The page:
Wednesday, June 17, 2009

Inket Transfer Experiment #3b - Transfer Goop Revised

In my last post, I put up the results of the Transfer Goop experiments that I had performed last October. I had inadvertently used two different images, and realized that without a proper control (using the same image each time), an experiment is somewhat useless. In art land, there are no mistakes - only learning and happy accidents - and while this is true here (I did learn, and I can still use the transfer), it doesn't do much good as an experiment to not have a control. You just can't tell the difference between how well Transfer Goop does on different papers, or how Transfer Goop compares to different transfer mediums, if the images are different.

The Products:

So, I repeated my experiment today, the same image on three different papers:
and ugh, Transfer Goop! Seriously, the smell! It's this odd combination of latex-rubber with lamp oil smell. I used a charcoal-lined mask while I was working with it, and my windows are all open, but it's still lingering in my apartment (and in my nose). If solvent-y smells get to you, then don't use this stuff.

The Process:

I used my heat gun to heat all 3 transfers from a beige-glue look to a glossy, clear finish, and it took about 3 minutes per transfer. I'm surprised I didn't burn out my heat gun - I don't think stamp embossing guns are meant to be run for 10 minutes at a time. You can bake your transfer in the oven at 300 degrees Fahrenheit, per the website's instructions (you have to click through to the instructions), but I just didn't want that smell ending up in my food later. If you have a dedicated toaster oven for things like polymer clay baking, I recommend you use that to bake your Transfer Goop transfer, instead of using your heat gun. It only goes for about 3 minutes, and you have to check for when it changes from a powdery beige to a clear, glass finish. But that's better than risking a $20 heat gun. :D

The Results:

Here are the scans of each transfer. The images on the Left started out on the Plain Copy Paper, the images in the Middle on the HP Everyday Matte Photo Paper and the images on the Right started out on the JetPrint Imaging & Photo Paper.

(As always, you can click on the image to enlarge it, and really get all the details)

Again, the plain copy paper did not perform so well. It was hard to get all of the paper off, and when I was rubbing the paper off, some of the black ink smeared around on the transfer. A lot of the ink came right off with the paper.

The HP Everyday Matte Photo paper and the JetPrint Matte Imaging & Photo Paper both did equally well, with the HP paper being slightly easier to get off the transfer. Very little ink came off with either paper.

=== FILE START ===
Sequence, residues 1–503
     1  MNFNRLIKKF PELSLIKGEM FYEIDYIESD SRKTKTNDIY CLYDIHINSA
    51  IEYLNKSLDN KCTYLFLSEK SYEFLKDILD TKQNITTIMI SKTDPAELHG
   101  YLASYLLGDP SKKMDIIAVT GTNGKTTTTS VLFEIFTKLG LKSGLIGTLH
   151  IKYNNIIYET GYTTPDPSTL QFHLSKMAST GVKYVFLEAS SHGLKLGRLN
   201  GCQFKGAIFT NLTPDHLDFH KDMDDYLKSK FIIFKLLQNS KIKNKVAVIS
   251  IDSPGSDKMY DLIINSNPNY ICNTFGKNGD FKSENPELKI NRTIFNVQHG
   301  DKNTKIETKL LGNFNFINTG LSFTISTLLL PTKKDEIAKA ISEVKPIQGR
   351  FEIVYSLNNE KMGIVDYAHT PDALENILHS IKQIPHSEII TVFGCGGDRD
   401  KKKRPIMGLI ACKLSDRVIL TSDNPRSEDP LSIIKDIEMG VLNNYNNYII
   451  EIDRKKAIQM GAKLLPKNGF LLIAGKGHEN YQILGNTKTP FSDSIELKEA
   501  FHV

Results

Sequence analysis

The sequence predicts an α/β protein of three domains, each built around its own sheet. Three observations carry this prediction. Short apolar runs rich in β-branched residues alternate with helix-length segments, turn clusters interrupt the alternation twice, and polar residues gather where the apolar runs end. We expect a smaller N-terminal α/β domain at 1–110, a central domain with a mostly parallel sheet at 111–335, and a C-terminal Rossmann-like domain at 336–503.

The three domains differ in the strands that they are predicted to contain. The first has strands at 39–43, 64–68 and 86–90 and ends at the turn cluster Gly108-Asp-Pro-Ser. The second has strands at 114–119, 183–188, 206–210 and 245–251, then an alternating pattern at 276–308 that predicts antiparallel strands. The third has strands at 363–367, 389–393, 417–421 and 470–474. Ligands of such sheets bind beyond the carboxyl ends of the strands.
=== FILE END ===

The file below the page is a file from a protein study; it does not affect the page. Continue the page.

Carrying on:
I still had trouble with browning this time around, too, although not nearly as much as I had before. It seems to happen on the edges more, and could be because I was using a heat gun and not an oven. I would have to heat an area to change it from powdery-opaque to glass-clear, but the heat would inadvertently keep heating an area that had already changed to clear. Thus, some browning.

I also had a problem with air bubbles. Tons of tiny air bubbles:

(click to enlarge)

They tell you to stir it well prior to brushing the Goop onto your transfer, which you need to, as it separates out into this thick, latexy substance with a top coat of clear, oily stuff. You're then supposed to either bake or heat your image first, for about 3 minutes, to remove any humidity from your image. Humidity can cause air bubbles in your transfer, per the website. Immediately after heating your image, you need to brush your well-stirred Transfer Goop onto it.

I only heated my images for about 1 1/2 minutes each, because I live in Colorado, where it is notoriously dry (although we have been having a rainy season this year - finally!).

It's possible that's why I got so many air bubbles - I didn't heat them long enough. I'm inclined to think it was all the stirring I had to do, prior to brushing it onto my images. The contents separate out pretty quickly, so I didn't see a way to stir it all up, and then let it sit for 15 minutes, until all the air bubbles rose to the surface. So, there are many, tiny air bubbles baked right into the transfer.


I'm pretty much never using Transfer Goop again - I don't care how strong, stretchy and clear the transfer skin is (which I must say, it is). It's too smelly, and since I'm not going to bake it, it's too much of a pain to use a heat gun on it. There's also the need to bake your image before you coat it, and any brush you use to slap on the stuff is now a Transfer Goop-only brush. I can get similar results with Gel Medium, with no baking, no smell, and no dedicated brushes. Better results, actually, since there's no browning or air bubbles.

But your results may vary. Transfer Goop was made to be ironed onto things, and with how strong it is, it might be a product of choice for you, in the art you do. It is a clear transfer (barring air bubbles and/or overheating) and very strong. Your photos will come out very clear, versus other ways of doing inkjet transfers. But for me, a paper-arts girl, the smell and time it takes makes other methods for image transferring much more fun.

ETA: I just checked, and our humidity is a whopping 39% right now. That's pretty high, if it's not raining here. So it really is possible that I didn't bake the water out of my images enough, and that's why I have the air bubbles.
Now, don't all you folks in humid states want to come to Colorado? *grin*

1 comment:

Zura said...

you amaze me. Can't believe you redid the experiment!! Thank you so much for sharing your science with us.xoxo